Managing Jumping Worms in Your Lawn

By Melinda Myers - horticulturist and gardening expert
March 7, 2020

Whether you call them jumping worms, crazy worms, Alabama jumpers or snake worms, they are bad news for our gardens and natural spaces. These invasive worms live near the soil surface devouring leaf litter and the organic matter that plants depend upon.  Their feeding changes the soil structure and chemistry so the soil is more subject to erosion, inhibits tree seedling establishment, damages the relationship between soil fungi and trees and reduces the soils ability to absorb water.

The earthworm gardeners appreciate for the aeration they provide are another non- native species wreaking havoc in our woodlands.  Although a threat, the European earthworms devour organic matter and spread at a much slower rate than the jumping worms. Most earthworm species move 30 feet a year while jumping worms can infest as much as 17 acres in one season.

Jumping worms (Amynthas spp) most likely arrived in North America in the late 19th century on imported plants, and other horticulture and agriculture materials. They can now be found in much of the northeast, southeast, Midwest and recently upper Midwestern United States.

Jumping Worm Photo Credit UW Madison Arboretum -900x450-min.jpg

Photo Credit: UW-Madison Arboretum 

Why Should You Care about Jumping Worms?

These worms in your lawn change the soil structure in gardens as well as our natural spaces. Jumping worms turn rich organic soil into small crumbles that resemble coffee grounds. This depletes nutrients, disturbs the soil fungi and decreases the water-holding ability of soils. All this impacts the health and productivity of our garden plants. And as their populations grow you may need to change some of the plantings and maintenance practices in your landscape.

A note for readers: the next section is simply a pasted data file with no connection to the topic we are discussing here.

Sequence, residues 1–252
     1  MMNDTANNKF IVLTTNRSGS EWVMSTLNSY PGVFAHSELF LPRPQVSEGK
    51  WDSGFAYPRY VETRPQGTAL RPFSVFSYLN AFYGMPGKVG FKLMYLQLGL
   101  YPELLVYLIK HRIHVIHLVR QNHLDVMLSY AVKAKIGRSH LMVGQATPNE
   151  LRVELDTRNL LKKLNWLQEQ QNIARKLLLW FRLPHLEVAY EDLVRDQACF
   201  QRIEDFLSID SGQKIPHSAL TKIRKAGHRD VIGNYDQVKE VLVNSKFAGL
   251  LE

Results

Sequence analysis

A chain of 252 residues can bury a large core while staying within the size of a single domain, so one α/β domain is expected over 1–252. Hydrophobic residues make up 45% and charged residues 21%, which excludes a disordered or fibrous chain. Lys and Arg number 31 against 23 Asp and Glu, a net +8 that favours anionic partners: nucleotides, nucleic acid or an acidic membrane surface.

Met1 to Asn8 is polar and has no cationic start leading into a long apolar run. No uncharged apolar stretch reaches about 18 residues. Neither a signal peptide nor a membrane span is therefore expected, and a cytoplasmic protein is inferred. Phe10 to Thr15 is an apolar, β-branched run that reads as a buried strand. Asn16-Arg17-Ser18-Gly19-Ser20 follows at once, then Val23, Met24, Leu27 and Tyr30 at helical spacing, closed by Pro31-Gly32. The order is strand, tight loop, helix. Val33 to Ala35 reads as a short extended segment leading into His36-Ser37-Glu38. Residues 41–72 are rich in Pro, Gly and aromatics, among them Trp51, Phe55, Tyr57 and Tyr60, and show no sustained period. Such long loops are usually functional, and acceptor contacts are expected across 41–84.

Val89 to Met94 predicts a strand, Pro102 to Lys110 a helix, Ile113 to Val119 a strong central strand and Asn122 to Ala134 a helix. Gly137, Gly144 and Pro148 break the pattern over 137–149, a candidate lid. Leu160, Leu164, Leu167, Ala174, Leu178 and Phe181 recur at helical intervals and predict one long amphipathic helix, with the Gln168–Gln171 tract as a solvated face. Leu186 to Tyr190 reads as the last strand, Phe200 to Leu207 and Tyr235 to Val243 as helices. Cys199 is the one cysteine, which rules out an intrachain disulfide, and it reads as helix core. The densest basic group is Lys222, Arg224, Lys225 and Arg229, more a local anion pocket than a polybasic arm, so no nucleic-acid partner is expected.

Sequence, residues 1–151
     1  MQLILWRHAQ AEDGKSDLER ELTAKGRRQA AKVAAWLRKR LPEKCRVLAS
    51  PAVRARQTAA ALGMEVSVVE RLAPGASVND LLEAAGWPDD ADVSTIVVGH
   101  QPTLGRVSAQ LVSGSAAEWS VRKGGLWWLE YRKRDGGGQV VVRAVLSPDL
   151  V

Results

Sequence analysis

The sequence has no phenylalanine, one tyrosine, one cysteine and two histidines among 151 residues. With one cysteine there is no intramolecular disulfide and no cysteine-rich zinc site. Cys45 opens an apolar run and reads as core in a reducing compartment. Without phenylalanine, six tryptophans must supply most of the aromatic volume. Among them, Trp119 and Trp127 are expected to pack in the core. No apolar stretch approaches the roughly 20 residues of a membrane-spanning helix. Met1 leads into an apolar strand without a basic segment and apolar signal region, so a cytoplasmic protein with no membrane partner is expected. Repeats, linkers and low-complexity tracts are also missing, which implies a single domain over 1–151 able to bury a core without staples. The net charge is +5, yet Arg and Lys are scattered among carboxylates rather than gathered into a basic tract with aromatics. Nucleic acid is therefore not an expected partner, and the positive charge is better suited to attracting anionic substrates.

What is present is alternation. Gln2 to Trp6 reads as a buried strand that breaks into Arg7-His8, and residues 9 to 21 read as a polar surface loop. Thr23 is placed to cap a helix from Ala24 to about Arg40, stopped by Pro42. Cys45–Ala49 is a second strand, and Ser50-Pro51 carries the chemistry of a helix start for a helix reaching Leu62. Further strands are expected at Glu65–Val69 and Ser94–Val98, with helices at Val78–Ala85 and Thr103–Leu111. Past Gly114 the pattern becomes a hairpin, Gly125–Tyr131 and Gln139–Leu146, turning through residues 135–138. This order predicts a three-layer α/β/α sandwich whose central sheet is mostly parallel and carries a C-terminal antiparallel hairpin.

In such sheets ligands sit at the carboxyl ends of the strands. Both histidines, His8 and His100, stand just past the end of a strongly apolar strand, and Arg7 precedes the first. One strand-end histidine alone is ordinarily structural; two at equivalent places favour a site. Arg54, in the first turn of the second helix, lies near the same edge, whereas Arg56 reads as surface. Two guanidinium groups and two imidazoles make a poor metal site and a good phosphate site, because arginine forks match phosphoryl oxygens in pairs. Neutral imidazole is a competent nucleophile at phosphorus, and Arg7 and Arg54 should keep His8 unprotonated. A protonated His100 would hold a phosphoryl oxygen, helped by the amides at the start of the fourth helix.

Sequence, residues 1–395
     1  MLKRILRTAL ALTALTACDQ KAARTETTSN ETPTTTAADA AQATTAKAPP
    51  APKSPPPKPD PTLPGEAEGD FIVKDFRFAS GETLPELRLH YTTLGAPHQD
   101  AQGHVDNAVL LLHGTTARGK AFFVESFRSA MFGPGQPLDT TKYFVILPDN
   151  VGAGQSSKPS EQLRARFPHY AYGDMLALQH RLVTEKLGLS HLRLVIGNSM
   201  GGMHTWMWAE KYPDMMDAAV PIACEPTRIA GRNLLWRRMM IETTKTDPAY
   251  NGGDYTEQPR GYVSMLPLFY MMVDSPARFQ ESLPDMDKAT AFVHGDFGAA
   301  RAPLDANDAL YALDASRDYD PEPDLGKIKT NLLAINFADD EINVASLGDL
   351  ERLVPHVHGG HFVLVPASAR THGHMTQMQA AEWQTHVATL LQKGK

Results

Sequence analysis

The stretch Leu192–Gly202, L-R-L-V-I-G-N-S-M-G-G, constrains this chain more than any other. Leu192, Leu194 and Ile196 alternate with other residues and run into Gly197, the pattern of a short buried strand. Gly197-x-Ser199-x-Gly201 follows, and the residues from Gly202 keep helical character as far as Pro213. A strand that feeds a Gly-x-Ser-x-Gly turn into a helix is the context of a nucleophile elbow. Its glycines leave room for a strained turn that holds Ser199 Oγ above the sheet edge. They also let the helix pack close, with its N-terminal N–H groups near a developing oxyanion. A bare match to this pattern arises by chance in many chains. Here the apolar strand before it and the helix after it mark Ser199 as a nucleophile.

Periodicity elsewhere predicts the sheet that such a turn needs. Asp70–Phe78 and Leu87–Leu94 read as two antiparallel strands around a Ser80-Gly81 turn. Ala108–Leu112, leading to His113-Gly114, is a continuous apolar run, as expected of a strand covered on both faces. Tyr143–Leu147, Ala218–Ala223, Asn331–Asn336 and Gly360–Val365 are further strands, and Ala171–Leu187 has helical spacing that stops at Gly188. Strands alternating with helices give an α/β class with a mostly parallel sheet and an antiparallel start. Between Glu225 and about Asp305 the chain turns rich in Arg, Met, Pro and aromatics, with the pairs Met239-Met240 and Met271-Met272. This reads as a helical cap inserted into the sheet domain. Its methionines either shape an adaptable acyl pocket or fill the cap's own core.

What Do Jumping Worms Look Like?

Jumping worms live near the soil surface. They are dark brown, smooth and shiny growing to 6 inches or more in length. The fleshy band near the end of the worm, known as clitellum, is cloudy white to gray, encircles the worm and is not raised as it is on earthworms.

They move through the soil like snakes and this along with their violent thrashing when disturbed inspired their common names. These quick-moving worms are hard to capture. Grab one and you just may find its tail in your hand while the rest of the worm returns to the soil.

Individual jumping worms only live for a year but can grow from an egg to adult in 60 days producing several generations in one season. They are parthenogenetic meaning a single worm can reproduce without a mate, further increasing their rate of reproduction.  And when they die they leave behind tiny tough black cocoons the size of a mustard seed to overwinter in the soil.

How to Stop the Spread of Jumping Worms

Although jumping worms are large in size, their tiny cocoons can easily go undetected. Adults and cocoons can spread in mulch, soil and plants. The tiny cocoons can move unseen on shoes, tools and equipment.

There are currently no chemical controls or methods to eliminate them from your property. Prevention is the first step in limiting worms spreading in your lawn. Here are a few precautions you can take to help stop the spread of these voracious worms: